Yes, most of his work is behind the scenes, but what work it is!
Holy Spirit of God, you're the Spirit of the Lord, the Spirit of wisdom and understanding, the Spirit of counsel and power, the Spirit of knowledge and of the fear of the Lord. What would I do without you?
Remember our little talk about the name of God last year in Exodus? He has several titles that tell us about something that he is or does in relation to us: Lord, Savior, God, Master, Friend, Healer, etc. But he only has one name, something he is in and of himself: I Am. Within that name holds a mystery of tension. The first part “I,” refers to his personhood. He is a person, not a force. He has a will, emotions (in some sense of the word), and sentience. He likes some things, loves others, and hates others. The other part of his name—“am”—reminds us of his omnipotence, eternal nature, immutability (the things that make him deserving of worship). If we forget either part of this tension, we’ll have a severely deficient view of God, and we won’t be relating to the God of the Bible.
Why do I bring this up? Because we need to be reminded that the Spirit, like the rest of the Godhead, is a person. He’s not a force or a thing. Let’s look at some Scriptures that tell us this.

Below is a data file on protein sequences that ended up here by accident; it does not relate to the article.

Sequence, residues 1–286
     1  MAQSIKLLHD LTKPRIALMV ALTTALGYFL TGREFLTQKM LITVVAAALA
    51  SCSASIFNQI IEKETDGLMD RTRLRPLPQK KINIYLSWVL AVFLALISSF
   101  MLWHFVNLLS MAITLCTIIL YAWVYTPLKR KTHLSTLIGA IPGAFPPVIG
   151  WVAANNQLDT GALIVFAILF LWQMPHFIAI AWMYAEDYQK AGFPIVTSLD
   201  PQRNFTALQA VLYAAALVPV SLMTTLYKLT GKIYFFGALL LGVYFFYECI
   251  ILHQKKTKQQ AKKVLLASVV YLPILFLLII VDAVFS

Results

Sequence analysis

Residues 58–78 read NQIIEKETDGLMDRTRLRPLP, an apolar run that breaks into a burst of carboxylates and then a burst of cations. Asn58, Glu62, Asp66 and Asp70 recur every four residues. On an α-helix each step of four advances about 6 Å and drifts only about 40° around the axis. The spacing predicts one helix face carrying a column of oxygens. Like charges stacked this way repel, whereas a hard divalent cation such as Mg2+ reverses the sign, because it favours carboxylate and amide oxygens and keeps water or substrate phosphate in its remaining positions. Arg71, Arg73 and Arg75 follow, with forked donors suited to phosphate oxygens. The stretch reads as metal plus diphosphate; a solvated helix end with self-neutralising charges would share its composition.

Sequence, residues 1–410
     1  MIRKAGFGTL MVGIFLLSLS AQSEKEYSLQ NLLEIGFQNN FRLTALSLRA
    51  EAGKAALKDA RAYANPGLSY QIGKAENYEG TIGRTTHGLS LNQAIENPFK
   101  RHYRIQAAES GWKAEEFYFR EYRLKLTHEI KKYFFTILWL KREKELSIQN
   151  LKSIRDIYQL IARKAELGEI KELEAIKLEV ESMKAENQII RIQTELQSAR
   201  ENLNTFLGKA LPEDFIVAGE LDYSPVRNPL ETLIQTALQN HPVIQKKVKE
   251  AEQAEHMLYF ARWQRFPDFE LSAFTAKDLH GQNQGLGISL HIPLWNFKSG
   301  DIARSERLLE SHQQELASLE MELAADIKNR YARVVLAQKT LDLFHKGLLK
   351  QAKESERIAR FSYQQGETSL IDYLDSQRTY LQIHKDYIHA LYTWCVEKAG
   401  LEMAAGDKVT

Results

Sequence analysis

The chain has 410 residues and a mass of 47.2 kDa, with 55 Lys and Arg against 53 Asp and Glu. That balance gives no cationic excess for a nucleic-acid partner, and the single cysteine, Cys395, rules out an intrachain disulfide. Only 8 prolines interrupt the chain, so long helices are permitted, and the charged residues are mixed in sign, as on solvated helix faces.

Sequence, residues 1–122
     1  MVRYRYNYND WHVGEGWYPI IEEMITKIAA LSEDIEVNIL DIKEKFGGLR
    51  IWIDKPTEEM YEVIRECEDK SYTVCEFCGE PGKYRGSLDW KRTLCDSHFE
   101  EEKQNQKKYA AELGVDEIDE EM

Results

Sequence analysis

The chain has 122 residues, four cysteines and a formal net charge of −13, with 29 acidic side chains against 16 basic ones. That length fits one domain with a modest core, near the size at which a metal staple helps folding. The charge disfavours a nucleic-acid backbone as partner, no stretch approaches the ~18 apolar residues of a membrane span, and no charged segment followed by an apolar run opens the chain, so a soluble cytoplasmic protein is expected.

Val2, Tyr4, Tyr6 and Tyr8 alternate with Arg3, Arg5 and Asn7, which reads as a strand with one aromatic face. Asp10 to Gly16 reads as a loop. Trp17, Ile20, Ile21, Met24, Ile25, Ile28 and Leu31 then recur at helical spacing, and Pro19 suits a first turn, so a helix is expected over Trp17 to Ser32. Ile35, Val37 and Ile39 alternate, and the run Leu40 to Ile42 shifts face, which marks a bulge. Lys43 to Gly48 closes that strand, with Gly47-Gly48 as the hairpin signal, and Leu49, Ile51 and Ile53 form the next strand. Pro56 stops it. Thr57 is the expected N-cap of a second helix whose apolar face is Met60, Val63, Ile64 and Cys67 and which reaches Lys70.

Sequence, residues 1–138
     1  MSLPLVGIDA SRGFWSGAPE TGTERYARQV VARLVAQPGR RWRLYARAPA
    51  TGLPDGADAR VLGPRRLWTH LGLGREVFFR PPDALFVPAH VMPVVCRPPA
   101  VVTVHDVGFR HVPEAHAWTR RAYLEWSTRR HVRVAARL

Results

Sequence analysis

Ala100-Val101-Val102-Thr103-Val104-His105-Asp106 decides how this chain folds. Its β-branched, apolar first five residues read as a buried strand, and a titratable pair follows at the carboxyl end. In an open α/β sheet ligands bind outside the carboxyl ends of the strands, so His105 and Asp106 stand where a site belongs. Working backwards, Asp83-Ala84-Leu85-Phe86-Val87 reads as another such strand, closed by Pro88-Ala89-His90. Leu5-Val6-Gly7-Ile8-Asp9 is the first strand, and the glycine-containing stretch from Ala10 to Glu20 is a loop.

Paul was giving some instructions to the church at Ephesus (and us), and he gives some specific directions on how to live. In today’s passage he tells us that Christians should stop stealing and instead make an honest living. We also need to watch our mouths, not just avoiding “bad” talk but employing our tongues for positive uses. And why do we need to do this? Because our behavior can cause the Holy Spirit of God to grieve. When we live disobedient lives, that grieves him. Electricity can’t be grieved.
Paul also spent a lot of time talking to the church in Corinth about the proper use of spiritual gifts. Why do we call them spiritual gifts, by the way? Because they come from the Spirit. Paul makes it clear that the Spirit picks and chooses how to distribute the gifts to each individual member of the church. If you have a gift or don’t have a gift, it’s because the Spirit made a choice. Gravity doesn’t make sentient choices.